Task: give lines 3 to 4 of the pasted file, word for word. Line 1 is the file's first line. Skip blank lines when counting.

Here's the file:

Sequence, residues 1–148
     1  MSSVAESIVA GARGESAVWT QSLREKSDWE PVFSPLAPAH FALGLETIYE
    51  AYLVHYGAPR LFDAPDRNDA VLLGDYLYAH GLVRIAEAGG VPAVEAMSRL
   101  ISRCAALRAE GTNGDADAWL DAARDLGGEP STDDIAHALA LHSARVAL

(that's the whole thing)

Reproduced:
    51  AYLVHYGAPR LFDAPDRNDA VLLGDYLYAH GLVRIAEAGG VPAVEAMSRL
   101  ISRCAALRAE GTNGDADAWL DAARDLGGEP STDDIAHALA LHSARVAL